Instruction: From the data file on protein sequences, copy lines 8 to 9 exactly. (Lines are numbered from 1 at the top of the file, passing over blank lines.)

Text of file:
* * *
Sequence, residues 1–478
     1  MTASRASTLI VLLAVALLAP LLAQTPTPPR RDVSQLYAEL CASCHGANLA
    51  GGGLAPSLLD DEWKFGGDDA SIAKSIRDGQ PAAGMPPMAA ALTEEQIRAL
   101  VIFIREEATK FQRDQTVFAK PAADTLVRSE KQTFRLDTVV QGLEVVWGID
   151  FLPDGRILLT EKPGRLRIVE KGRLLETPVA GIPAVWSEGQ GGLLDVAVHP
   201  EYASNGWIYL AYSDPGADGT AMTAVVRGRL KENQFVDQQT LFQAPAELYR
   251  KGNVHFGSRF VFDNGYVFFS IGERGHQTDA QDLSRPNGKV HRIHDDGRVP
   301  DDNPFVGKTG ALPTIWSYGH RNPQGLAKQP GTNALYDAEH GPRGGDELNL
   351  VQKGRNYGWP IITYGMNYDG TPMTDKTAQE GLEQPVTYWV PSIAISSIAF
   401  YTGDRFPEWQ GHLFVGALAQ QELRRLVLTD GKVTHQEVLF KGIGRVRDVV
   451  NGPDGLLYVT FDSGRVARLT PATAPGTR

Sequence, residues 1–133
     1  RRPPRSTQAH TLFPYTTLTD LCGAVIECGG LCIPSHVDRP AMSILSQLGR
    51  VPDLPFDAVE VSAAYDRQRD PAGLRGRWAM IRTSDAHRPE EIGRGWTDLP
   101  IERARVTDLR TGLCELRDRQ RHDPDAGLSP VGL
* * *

   301  DDNPFVGKTG ALPTIWSYGH RNPQGLAKQP GTNALYDAEH GPRGGDELNL
   351  VQKGRNYGWP IITYGMNYDG TPMTDKTAQE GLEQPVTYWV PSIAISSIAF